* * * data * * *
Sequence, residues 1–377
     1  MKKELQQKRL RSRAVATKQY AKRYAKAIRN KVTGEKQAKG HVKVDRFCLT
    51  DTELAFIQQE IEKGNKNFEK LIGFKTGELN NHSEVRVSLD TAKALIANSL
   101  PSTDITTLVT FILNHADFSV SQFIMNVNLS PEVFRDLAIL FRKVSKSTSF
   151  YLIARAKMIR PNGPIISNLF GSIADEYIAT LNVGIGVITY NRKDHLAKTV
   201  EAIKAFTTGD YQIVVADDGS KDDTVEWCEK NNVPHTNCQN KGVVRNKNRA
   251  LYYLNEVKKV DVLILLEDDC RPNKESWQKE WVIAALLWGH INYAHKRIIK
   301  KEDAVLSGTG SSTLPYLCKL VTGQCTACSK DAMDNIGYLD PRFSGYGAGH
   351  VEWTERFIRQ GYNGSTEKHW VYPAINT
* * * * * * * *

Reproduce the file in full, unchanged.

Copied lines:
Sequence, residues 1–377
     1  MKKELQQKRL RSRAVATKQY AKRYAKAIRN KVTGEKQAKG HVKVDRFCLT
    51  DTELAFIQQE IEKGNKNFEK LIGFKTGELN NHSEVRVSLD TAKALIANSL
   101  PSTDITTLVT FILNHADFSV SQFIMNVNLS PEVFRDLAIL FRKVSKSTSF
   151  YLIARAKMIR PNGPIISNLF GSIADEYIAT LNVGIGVITY NRKDHLAKTV
   201  EAIKAFTTGD YQIVVADDGS KDDTVEWCEK NNVPHTNCQN KGVVRNKNRA
   251  LYYLNEVKKV DVLILLEDDC RPNKESWQKE WVIAALLWGH INYAHKRIIK
   301  KEDAVLSGTG SSTLPYLCKL VTGQCTACSK DAMDNIGYLD PRFSGYGAGH
   351  VEWTERFIRQ GYNGSTEKHW VYPAINT